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Darts & laurels: Clarence Beaver was a visionary

Laurels to the memory of business owner and innovator Clarence Beaver of Salisbury, who embraced solar energy decades before it was cool.

Beaver, 85, who died last week in Denver, Colo., was the longtime president of Beaver Brothers Heating, Air Conditioning and Solar Energy. The company was started by his father and uncle. Beaver moved it toward specializing in energy-efficient environmental systems that now can be found all over Rowan County and beyond.

Beaver practiced what he preached. He incorporated one of the first working solar domestic hot water systems into his own home, and had the house placed at an angle on its lot to get maximum exposure to the sun.

Commenting several years ago on the rise and fall of solar energy’s popularity in the 1970s, Beaver predicted it would return. “Solar’s going to pay,” Beaver told a Post reporter. “And this time it will be simple because now we know what makes it work.”

Beaver was right, as the solar farms and rooftop solar collectors around the county —and country — attest. He was a visionary. It’s no wonder he received a Legacy Award as a founding member of the N.C. Sustainable Energy Association.

John Wear, director of the Center for the Environment at Catawba College, said at first he was surprised to run into Beaver in Raleigh at meetings related to the environment. He soon realized how committed Beaver was to sustainability, and through the years Beaver got involved with the center and spoke at some of its events.

“He was very down-to-earth and straightforward, and had a deep interest in this area and its importance,” Wear said.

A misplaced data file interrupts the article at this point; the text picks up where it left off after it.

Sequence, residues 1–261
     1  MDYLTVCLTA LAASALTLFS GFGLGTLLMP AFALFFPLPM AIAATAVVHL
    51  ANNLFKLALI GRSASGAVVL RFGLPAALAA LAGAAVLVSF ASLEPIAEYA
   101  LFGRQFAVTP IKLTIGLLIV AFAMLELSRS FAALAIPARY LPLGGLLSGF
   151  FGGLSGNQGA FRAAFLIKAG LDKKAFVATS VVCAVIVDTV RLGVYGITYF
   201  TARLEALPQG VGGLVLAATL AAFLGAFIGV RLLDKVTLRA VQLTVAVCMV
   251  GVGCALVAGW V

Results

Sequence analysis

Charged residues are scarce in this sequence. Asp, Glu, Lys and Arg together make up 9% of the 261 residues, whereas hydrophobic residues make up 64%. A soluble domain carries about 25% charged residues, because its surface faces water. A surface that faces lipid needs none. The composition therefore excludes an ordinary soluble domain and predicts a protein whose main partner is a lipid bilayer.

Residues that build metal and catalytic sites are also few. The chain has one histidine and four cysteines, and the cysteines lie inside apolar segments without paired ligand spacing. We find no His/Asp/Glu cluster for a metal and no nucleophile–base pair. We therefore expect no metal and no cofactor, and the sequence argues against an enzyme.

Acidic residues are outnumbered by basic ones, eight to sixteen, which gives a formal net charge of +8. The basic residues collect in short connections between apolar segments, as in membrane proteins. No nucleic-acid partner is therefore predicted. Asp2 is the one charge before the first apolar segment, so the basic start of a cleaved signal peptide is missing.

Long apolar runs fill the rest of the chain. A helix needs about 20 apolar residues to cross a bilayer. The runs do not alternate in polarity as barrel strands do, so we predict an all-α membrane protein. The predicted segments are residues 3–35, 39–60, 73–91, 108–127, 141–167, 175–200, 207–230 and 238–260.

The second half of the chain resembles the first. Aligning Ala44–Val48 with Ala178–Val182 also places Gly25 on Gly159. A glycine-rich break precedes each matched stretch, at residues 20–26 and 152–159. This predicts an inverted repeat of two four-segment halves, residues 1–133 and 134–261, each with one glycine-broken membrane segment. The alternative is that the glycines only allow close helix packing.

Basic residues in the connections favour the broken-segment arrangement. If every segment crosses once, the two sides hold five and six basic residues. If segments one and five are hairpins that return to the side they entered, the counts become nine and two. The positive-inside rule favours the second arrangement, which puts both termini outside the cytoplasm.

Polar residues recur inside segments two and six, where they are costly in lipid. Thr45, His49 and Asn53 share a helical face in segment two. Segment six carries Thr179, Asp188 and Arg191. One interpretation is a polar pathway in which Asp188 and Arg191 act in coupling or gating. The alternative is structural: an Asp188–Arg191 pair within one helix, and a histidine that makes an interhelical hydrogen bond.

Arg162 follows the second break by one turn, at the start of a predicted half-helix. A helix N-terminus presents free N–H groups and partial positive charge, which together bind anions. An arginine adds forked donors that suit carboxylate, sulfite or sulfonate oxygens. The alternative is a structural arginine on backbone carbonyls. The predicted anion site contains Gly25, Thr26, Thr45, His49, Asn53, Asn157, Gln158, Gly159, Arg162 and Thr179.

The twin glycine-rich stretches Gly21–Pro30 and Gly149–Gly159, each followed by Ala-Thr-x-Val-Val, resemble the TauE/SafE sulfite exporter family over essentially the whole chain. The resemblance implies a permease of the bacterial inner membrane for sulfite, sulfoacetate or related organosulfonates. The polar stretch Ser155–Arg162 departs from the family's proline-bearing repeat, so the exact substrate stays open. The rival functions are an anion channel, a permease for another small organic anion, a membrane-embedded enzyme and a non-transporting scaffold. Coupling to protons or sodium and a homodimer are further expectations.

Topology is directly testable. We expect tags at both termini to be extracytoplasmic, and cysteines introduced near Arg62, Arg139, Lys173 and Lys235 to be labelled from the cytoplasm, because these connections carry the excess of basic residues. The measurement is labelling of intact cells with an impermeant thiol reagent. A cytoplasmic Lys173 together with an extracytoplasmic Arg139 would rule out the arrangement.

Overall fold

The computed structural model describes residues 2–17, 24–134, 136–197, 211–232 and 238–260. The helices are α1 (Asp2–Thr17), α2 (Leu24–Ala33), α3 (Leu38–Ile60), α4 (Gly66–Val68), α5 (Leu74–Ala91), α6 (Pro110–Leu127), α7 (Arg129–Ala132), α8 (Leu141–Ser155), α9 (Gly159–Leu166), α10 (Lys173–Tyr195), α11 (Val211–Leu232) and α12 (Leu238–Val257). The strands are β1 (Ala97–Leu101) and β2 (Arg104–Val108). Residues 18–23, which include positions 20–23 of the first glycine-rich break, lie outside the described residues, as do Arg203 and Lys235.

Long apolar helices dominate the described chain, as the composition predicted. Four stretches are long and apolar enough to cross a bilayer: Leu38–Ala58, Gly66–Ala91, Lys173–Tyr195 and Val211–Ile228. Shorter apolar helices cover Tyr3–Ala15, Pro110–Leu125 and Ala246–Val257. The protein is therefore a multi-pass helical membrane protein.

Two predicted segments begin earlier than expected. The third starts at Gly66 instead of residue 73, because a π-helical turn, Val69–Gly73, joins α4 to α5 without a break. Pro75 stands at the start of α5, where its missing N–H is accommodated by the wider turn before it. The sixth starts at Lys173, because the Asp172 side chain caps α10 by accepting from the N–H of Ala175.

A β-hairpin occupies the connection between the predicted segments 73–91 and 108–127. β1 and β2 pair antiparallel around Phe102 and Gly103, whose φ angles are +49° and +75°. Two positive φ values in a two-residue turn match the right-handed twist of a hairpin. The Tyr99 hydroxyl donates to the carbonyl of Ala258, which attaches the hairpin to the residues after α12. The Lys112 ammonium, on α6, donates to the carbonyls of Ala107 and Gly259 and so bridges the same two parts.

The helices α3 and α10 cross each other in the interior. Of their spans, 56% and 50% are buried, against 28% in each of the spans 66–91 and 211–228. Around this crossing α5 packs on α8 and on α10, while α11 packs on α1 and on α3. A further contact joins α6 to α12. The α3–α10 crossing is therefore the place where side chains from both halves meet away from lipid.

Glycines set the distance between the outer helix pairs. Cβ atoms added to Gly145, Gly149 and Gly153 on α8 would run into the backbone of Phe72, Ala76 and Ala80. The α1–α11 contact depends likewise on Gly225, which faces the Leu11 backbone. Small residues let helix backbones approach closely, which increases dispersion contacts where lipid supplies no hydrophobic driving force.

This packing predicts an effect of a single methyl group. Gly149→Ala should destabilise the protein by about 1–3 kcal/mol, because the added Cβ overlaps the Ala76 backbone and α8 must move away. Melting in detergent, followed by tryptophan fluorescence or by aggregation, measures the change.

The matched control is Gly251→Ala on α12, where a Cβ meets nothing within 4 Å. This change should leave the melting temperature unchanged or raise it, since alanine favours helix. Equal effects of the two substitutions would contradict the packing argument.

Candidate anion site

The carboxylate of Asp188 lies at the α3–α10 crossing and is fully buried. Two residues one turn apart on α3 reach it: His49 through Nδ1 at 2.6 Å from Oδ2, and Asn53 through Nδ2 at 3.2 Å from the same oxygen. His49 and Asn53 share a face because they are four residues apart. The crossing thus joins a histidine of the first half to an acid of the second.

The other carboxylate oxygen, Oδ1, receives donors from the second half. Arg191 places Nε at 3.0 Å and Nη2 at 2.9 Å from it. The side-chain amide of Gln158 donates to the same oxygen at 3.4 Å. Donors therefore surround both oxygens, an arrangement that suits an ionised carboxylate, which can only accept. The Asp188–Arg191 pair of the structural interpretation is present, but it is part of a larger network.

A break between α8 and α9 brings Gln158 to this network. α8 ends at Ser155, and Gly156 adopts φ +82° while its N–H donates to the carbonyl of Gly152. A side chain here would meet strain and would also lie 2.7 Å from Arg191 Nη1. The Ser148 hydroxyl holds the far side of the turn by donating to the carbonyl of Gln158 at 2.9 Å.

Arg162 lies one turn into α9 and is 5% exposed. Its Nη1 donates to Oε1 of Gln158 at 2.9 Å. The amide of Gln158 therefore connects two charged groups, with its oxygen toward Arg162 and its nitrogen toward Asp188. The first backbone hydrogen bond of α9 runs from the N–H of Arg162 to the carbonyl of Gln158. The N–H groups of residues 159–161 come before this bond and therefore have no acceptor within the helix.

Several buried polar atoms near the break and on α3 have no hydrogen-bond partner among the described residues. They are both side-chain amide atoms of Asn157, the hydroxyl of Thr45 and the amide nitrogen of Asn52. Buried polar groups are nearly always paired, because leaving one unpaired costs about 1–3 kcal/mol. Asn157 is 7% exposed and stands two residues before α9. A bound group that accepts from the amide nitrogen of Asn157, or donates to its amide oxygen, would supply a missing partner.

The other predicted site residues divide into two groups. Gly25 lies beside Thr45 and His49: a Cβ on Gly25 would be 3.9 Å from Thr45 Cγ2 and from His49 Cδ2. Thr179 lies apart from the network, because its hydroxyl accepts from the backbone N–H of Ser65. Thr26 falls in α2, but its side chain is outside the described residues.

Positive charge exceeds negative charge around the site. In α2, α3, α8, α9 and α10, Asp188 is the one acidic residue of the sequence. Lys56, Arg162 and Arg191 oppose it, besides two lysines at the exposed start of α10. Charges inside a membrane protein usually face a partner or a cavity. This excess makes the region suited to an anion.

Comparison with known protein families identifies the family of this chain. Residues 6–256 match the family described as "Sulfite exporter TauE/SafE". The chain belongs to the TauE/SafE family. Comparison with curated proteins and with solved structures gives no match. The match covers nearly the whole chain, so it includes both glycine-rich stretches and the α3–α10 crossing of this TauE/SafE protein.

A statement on the N.C. Sustainable Energy Association’s website reflects Beaver’s enthusiasm, and could itself be considered a tribute to the man:

“We envision a future where North Carolina’s clean energy economy leads the nation and serves as a model for other states. Together with our membership, NCSEA is blazing the path toward this vision, where the possibilities and benefits for our state and local economies are endless.”

 

Laurels also to another example of foresight, this time regarding school lunches.

Elizabeth Withers Smith had a deja vu moment when she learned all children in 12 Rowan-Salisbury schools and every Kannapolis city school will receive free breakfast and lunch this school year. In 1977 while her late husband, Neal Smith,  was representing Rowan County in the N.C. House, he asked the U.S. Department of Agriculture to use the state as a national testing ground for free lunches for all school children, regardless of family income.

A teacher at North Rowan Primary School at the time, Neal Smith said he was not generally for giveaways, but the federal lunch program was not equitable. And he had seen the need. “Just as food is essential for life, the quality of that food often determines the quality of life,” Neal Smith said. “The teacher has a very difficult task when trying to keep a hungry child’s attention.”

The USDA did not act on Smith’s suggestion then, but schools clearly are moving in that direction now.

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